You’re Black; you’re banned!

Photo by Belinda Fewings on Unsplash

In June 2019, I wrote an article which has become one of my most viewed Blogs – ‘Is it cos I is Black?’ The title was taken from Sachs Baron Cohen’s comic creation Ali G whose catchphrase it is. In that article, there was nothing actually that funny. My purpose was to highlight the shockingly high levels of racism that people of Afro-Caribbean origin still continue to experience in contemporary Britain – in spite of all the legislation (such as the Equality Act 2010) which theoretically puts people on an equal footing.

Race is a protected characteristic in terms of Sections 4 and 9 of the Equality Act 2010 and it is unlawful if a person is subjected to prohibited conduct e.g. direct discrimination (Section 13); indirect discrimination (Section 19); harassment (Section 26); and victimisation (Section 27).

It will, therefore, be unlawful in the UK to subject a person to a detriment because of race in relation to employment, education, training and the provision of services generally.

Bearing all of this mind, I was startled to read about a story from Guangzhou, China where a McDonald’s outlet has been severely criticised due to its staff refusing entry to African Americans. No reason has been given for this behaviour.

McDonald’s is understandably very sensitive about this issue and has apologised for the behaviour of its staff.

Had this incident occurred in the UK, you would be correct to conclude that legal action in terms of Sections 9 and 13 of the Equality Act 2010 would have been threatened. To anyone who doubts that discrimination against Black people is a thing of the past, this story will serve as a timely wake up call. Who would have thought that such things would still be going on in 2020?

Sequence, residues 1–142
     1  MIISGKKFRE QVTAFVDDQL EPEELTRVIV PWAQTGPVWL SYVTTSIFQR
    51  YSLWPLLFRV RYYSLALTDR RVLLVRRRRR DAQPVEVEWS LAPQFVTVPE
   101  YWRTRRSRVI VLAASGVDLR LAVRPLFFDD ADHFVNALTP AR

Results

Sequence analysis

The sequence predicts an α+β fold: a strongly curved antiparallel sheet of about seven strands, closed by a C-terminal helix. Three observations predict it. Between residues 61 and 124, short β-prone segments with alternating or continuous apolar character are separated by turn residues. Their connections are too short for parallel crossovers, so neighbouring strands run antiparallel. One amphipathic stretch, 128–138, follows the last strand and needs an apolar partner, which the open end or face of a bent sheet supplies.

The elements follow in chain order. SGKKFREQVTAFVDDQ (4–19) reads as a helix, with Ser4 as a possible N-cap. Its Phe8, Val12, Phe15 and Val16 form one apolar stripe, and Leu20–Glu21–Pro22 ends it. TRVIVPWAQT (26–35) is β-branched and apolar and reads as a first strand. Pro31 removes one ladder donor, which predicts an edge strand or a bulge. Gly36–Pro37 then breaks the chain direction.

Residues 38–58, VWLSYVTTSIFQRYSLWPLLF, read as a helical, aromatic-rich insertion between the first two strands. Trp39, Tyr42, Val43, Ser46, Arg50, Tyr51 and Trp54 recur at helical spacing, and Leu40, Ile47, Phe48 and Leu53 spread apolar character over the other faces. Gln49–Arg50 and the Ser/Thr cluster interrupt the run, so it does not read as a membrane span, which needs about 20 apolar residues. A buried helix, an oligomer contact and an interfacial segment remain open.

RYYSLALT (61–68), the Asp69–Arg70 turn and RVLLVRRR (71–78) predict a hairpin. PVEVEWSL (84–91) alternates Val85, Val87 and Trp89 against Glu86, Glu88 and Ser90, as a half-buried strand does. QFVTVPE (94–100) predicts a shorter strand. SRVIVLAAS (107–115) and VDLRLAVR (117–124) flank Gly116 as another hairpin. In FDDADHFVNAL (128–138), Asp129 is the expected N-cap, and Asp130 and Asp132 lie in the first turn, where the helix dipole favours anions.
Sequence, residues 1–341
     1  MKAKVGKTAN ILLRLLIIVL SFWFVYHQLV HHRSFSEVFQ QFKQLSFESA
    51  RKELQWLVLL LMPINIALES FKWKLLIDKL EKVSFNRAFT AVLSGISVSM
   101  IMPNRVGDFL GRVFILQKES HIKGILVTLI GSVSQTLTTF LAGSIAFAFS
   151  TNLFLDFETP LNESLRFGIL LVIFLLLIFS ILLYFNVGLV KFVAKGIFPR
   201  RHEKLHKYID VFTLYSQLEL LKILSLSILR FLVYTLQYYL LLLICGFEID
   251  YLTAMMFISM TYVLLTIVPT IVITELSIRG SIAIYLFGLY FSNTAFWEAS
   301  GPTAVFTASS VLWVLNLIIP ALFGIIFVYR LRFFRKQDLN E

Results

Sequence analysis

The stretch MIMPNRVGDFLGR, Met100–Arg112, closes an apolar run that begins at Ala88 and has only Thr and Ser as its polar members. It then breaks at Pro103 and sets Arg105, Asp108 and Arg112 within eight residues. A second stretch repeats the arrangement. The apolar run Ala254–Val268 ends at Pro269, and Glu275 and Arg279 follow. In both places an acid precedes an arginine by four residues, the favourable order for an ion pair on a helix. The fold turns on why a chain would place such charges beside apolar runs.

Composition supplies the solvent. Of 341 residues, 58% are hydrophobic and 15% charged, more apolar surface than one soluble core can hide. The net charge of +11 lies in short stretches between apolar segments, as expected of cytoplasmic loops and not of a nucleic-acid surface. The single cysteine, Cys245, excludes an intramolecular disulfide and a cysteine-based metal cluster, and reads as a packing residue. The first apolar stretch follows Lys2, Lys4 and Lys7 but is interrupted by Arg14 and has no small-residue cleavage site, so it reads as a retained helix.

A link to the story on the Sky News website can be found below:

Outrage after black people banned from McDonald’s branch in China

http://news.sky.com/story/outrage-after-black-people-banned-from-mcdonalds-branch-in-china-11973200

The story from China reminded me of an incident in the American city of Philadelphia which involved racism against two African American men who were arrested in a Starbucks outlet. The men were waiting for a friend to join them in the store when a manager called the Police because they had not purchased anything. They were taken from the store in handcuffs by the Police. The incident went viral and The ensuing publicity did Starbucks no favours at all.

A link to this story as reported by The Independent can be found below:

https://www.independent.co.uk/news/world/americas/black-men-starbucks-philadelphia-settlement-1-dollar-entrepreneurship-fund-a8333526.html

Related Blog Articles:

https://seancrossansscotslaw.com/2020/04/13/no-blacks-no-irish-no-dogs-we-like-to-think-that-such-signs-are-a-thing-of-the-bad-old-days-in-housing-law-what-about-no-dss-tenants-some-recent-legal-actions-suggest-that-such/

https://seancrossansscotslaw.com/2019/06/17/is-it-cos-i-is-black/

Copyright Seán J Crossan, 15 April 2020

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sjcrossan1

A legal blog by the author of Introductory Scots Law: Theory & Practice (3rd Edition: 2017; Hodder Gibson) Sean J. Crossan BA (Hons), LLB (Hons), MSc, TQFE I have been teaching law in Higher and Further Education for nearly 25 years. I also worked as an employment law consultant in a Glasgow law firm for over a decade. I am also a trade union representative and continue to make full use of my legal background. I am a graduate and postgraduate of the Universities of Dundee, London and Strathclyde. Please note that this Blog provides a general commentary about issues in Scots Law. It is not intended as a substitute for in-depth legal advice. If you have a specific legal problem, you should always consult a suitably qualified Scottish solicitor who will be able to provide you with the support that you require.

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